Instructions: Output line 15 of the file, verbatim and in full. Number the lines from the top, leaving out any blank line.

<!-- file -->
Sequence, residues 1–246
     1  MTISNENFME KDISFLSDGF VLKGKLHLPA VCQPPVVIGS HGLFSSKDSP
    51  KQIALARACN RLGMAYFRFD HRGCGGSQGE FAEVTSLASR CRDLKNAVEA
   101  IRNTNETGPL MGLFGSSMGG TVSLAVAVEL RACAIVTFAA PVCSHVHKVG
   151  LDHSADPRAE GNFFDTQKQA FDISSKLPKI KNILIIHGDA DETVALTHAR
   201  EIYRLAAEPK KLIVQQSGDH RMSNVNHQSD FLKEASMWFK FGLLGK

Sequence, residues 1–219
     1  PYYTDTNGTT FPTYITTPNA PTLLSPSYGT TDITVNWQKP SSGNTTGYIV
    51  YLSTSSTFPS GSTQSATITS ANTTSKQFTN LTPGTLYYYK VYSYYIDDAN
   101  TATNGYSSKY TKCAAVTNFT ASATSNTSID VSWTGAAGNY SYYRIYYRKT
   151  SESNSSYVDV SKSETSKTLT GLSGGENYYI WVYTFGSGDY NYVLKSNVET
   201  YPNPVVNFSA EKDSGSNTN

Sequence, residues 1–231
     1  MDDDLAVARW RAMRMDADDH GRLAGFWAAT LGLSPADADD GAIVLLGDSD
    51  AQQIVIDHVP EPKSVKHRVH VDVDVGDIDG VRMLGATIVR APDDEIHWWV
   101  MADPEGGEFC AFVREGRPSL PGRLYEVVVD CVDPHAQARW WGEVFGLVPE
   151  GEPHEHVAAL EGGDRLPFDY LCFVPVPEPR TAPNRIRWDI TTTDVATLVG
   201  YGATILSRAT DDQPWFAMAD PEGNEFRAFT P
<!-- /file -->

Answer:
    51  AQQIVIDHVP EPKSVKHRVH VDVDVGDIDG VRMLGATIVR APDDEIHWWV